Theoretical Physicist: CMB proves Universe has Center

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The cmb dipole and existence of a center for expansion of the universe
Yukio Tomozawa
Michigan Center for Theoretical Physics
Randall Laboratory of Physics, University of Michigan and
Ann Arbor, MI. 48109-1040, USA
(Dated: February 2, 2008)

In the Friedman universe, one possible interpretation of the coordinates is that the whole
space is on the surface of an expanding balloon and has no center. (A center exists outside
the universe in a way.) This accommodates the Hubble law naturally. There are no velocities
associated with points of the universe, but the relative distance and relative velocity of any
two points increase with the expansion of the balloon. I will show that in such a universe,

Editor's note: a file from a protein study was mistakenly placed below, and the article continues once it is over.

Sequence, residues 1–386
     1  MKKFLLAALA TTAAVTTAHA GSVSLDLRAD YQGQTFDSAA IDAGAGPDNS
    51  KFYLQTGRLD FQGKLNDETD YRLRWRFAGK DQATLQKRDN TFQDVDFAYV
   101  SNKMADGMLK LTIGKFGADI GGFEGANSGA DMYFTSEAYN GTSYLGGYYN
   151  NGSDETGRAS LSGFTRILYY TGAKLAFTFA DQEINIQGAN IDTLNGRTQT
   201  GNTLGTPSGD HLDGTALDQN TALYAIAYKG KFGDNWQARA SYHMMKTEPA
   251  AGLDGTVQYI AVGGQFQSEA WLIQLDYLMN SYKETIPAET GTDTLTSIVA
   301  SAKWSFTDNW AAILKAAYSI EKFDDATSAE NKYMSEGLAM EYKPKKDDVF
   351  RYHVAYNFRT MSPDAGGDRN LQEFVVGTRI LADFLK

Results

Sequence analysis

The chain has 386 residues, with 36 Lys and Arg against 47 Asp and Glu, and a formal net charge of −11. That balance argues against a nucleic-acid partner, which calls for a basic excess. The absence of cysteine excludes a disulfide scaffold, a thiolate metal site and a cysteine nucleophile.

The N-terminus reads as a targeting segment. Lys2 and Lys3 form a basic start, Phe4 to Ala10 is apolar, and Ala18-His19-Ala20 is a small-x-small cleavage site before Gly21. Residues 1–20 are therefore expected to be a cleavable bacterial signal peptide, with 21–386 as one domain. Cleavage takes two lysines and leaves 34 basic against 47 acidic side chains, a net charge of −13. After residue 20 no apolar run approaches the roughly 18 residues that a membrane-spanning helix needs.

there is no cosmic microwave backgroud (cmb) dipole even in the presence of a peculiar
velocity. In other words, the observation of a cmb dipole excludes such an interpretation of
the coordinates for the Friedman universe…

…All three proofs give the same result. Another way to look at this theorem is that the
equivalent speed of a cmb emitter is close to that of light and speed of light is identical
for moving frames. We have reached the important conclusion that in a cosmology without
center there is no cmb dipole. As a corollary, we state a theorem.
Theorem 2 The observation of the cmb dipole excludes the possibility of a cosmology without
center. Thus, there has to be a center for the expansion of the universe, since a cmb
dipole has been observed for the solar system[1].

Where could that center be?
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